This is a response to the nearly incomprehensible letter of Howard Hochstatter, published May 21 (“Can sociology face free market?”). Mr. Hochstatter suggests that Washington State University’s department of rural sociology, scheduled for the chopping block, should operate in the free market.
This is the silliest idea I ever heard. Academic departments are not designed to function in the free market, and the free market has no way of dealing with them anyhow. If this were at all possible, then why doesn’t the WSU school of business operate in the free market?
Across the country, colleges of agriculture, in connection with the U. S. Department of Agriculture, have operated cooperative extension programs, including in rural sociology departments, for the educational benefit of the agricultural community, going back to the early 20th century. The objective was to teach farmers how to increase their agricultural productivity: in other words, produce more food.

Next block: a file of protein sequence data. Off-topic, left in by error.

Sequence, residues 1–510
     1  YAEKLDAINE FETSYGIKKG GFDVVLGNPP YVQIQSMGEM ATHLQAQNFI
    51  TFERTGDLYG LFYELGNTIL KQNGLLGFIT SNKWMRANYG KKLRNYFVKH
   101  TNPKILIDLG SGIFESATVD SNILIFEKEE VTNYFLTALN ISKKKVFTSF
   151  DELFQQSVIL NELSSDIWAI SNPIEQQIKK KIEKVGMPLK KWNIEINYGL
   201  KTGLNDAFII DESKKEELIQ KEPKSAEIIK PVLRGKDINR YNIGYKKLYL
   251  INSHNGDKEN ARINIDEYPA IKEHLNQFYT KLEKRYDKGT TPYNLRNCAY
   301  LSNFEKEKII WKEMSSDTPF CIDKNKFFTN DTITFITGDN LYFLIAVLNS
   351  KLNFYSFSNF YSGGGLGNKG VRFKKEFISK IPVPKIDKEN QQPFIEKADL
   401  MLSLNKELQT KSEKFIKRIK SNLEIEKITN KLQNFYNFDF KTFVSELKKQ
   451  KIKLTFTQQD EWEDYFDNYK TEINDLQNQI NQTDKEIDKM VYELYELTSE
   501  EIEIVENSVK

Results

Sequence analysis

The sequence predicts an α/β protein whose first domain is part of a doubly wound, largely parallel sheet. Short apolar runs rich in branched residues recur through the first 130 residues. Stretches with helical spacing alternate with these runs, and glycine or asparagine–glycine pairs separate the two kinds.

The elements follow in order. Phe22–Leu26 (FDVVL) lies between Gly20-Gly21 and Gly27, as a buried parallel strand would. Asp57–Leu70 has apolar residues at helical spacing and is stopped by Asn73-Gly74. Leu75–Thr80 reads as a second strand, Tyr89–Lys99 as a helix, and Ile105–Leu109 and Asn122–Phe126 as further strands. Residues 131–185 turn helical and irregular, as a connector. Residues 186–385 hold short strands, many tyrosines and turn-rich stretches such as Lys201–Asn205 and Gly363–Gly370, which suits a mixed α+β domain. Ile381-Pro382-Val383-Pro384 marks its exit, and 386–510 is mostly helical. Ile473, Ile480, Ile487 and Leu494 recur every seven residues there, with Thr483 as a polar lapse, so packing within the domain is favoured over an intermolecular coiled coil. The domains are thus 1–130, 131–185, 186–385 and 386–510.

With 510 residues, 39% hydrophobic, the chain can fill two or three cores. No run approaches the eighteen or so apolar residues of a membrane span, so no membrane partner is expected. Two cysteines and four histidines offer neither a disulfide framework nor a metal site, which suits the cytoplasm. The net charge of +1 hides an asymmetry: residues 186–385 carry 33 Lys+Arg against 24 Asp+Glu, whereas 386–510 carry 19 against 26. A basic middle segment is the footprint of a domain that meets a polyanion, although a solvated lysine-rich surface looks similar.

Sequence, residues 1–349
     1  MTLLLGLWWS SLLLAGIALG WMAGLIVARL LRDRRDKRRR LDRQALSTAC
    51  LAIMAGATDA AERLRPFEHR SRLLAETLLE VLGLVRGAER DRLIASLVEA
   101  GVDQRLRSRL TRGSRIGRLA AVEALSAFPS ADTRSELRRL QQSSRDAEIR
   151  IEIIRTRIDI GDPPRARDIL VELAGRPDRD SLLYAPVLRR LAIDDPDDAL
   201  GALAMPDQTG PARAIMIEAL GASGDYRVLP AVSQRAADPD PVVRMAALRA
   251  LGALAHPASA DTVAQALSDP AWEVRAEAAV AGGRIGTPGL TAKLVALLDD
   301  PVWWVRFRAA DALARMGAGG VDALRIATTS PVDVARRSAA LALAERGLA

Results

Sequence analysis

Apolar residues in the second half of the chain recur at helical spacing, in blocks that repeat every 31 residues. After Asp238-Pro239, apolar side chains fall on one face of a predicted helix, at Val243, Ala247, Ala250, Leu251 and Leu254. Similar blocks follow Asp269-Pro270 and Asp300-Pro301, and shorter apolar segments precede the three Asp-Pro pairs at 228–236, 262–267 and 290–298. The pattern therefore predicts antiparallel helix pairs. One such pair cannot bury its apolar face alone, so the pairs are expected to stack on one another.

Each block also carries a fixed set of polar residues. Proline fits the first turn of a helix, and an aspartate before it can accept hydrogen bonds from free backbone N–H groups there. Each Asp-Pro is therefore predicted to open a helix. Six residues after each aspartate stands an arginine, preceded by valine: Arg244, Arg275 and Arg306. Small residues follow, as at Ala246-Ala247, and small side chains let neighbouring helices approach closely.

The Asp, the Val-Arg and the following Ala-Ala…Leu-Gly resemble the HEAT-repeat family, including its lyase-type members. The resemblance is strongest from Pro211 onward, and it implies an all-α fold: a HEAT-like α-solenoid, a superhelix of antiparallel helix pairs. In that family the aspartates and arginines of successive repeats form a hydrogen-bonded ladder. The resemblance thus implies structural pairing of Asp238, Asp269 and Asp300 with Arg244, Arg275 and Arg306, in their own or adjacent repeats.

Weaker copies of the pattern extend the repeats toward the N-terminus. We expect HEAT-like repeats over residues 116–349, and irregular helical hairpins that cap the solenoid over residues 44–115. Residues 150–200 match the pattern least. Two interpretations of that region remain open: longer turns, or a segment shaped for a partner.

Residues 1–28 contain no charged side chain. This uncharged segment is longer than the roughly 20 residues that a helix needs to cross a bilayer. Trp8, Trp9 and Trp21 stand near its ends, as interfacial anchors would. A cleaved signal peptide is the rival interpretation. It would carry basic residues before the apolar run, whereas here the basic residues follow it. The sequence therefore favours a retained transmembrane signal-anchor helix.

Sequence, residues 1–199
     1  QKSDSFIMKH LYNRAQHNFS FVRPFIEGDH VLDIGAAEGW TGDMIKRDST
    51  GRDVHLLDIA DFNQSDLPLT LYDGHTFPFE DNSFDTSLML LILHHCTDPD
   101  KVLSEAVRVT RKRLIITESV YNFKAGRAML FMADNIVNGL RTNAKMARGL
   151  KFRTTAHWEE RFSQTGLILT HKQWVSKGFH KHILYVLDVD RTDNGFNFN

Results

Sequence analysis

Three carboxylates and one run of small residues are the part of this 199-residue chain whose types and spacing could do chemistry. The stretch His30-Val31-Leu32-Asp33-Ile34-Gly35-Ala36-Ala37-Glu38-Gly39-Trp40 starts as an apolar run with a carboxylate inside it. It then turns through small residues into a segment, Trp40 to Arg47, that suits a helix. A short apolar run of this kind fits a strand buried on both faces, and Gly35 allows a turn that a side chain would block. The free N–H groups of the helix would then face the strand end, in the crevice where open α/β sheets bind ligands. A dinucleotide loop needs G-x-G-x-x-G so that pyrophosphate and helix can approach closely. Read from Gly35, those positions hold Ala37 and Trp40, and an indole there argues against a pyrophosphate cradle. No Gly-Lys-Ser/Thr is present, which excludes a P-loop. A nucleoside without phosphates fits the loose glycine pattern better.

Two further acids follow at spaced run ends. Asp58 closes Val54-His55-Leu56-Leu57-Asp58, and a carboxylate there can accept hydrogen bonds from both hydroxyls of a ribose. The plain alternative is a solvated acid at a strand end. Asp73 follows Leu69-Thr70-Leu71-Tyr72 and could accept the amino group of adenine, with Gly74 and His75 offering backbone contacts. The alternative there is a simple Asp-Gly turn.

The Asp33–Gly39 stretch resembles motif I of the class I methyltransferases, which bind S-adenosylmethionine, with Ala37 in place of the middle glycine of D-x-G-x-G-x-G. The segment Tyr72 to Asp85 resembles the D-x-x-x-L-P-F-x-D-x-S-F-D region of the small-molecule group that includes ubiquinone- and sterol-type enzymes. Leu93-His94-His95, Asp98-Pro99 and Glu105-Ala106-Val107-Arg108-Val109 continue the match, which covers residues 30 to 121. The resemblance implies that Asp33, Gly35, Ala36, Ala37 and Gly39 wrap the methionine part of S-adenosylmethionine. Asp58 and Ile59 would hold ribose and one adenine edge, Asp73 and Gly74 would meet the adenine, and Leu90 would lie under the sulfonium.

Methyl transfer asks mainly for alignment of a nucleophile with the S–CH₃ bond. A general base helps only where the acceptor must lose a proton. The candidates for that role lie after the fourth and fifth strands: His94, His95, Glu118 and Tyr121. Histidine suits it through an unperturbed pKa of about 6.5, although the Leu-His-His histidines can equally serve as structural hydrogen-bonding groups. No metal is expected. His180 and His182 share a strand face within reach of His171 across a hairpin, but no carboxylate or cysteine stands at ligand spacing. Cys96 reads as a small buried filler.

Maybe these programs are no longer needed; it’s debatable. What isn’t debatable is that education is a long-term enterprise while free markets are very short term. To suggest that an academic department should function in a free market is to completely misunderstand education and free markets.